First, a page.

Also, from is fully asynchronous, in true Node spirit. Every node API method returns a process.Promise; you’ll have to either provide a callback to be executed when the target is acquired, or use Promise.wait() to force a sync from.

from.absolute() and from.relative()

The first half, the ‘dumb’ half of from, is very basic. It’s provided through two APIs; the absolute() API and the relative() API. The former, absolute(), works exactly as it sounds: it, given an absolute path, evaluates the file found at that path, and hands you the result.

from.absolute('/foo/bar/baz/qux.js').addCallback(function (qux) {
  // …

The second of those two, relative(), bears a little more discussion. It locates files relative to the file calling out to from, i.e. the requesting file. Unfortunately, doing so is not all that easy; due to various restrictions, from.relative() can only operate within from’s ‘world,’ so to speak. Specifically, this means it won’t operate in a file you run with the node binary, nor will it work in a file you acquired with require() instead of from.absolute() (those two are, in fact, the same thing; the node binary simply require()s the file at the path you give it on the command line).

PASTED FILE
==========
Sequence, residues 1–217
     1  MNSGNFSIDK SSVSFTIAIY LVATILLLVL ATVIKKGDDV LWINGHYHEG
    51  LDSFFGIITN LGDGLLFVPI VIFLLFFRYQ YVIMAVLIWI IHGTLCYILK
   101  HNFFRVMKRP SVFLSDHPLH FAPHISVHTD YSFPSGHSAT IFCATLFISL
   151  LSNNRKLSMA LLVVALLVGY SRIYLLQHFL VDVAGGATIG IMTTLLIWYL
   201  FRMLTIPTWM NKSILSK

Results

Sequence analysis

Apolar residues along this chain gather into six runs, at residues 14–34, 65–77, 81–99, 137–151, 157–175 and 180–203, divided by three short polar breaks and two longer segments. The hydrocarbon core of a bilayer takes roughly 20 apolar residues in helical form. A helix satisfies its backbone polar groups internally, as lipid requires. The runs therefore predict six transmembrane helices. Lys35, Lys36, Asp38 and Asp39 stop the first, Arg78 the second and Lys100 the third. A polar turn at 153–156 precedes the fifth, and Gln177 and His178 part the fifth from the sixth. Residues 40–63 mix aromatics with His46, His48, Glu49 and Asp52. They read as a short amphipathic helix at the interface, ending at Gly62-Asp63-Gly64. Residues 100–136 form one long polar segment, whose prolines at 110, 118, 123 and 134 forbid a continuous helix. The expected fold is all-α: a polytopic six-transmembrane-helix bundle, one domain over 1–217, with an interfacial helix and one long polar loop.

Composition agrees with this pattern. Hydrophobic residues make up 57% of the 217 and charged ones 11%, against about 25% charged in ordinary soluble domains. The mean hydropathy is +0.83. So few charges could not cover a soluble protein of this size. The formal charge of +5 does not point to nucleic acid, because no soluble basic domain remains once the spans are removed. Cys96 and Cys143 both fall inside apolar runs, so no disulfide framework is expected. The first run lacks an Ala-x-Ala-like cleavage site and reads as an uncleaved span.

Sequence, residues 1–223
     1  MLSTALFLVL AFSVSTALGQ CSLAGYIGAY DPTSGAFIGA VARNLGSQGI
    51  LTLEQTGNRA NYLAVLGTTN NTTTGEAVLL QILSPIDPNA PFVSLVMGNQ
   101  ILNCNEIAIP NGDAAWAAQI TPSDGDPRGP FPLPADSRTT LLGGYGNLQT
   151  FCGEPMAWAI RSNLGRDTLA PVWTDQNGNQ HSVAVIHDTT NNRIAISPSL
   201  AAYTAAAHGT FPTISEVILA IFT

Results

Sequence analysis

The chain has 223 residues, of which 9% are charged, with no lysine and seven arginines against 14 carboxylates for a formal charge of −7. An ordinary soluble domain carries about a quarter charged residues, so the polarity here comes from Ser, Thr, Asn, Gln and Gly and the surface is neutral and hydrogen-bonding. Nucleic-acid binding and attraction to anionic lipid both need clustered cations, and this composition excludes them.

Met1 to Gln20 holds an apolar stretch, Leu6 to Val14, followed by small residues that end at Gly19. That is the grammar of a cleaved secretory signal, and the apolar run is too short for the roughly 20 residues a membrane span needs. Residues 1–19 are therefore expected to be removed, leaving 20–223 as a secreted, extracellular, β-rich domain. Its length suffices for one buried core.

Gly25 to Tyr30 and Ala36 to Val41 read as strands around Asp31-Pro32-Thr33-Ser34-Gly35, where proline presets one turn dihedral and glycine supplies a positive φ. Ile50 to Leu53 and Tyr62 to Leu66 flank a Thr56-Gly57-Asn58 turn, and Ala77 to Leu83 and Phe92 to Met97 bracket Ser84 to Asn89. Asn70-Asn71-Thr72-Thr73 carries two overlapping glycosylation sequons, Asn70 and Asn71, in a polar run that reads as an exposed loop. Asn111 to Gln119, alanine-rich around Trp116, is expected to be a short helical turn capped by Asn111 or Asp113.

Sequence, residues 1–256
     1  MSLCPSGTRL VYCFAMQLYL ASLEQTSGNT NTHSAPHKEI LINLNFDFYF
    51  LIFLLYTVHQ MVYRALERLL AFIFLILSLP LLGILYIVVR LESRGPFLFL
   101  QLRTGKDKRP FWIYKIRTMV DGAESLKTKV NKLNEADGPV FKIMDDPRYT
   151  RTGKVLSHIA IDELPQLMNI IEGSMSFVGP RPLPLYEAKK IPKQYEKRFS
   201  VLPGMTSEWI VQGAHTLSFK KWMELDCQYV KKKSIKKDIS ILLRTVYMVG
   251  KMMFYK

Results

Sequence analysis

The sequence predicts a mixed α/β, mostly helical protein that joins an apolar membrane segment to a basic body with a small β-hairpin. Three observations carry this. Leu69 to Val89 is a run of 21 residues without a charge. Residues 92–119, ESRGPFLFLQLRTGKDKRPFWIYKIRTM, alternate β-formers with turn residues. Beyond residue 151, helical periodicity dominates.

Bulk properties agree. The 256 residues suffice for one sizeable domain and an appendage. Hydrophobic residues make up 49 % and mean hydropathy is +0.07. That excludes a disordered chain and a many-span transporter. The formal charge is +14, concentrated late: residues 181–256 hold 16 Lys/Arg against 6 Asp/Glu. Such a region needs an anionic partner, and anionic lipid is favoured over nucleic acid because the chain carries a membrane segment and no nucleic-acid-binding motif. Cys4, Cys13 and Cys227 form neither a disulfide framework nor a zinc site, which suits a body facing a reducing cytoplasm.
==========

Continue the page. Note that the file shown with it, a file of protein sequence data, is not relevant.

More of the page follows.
var aQux = from.relative('baz/qux.js').wait();

To work around this, I provide node-from as a binary that preemptively initializes the from interface, such that from.relative() (and, as you’ll see later, from.package()) can operate as designed. Any JavaScript file run from the command line with node-from will have all of the from APIs immediately available for use.

> node-from baz/qux.js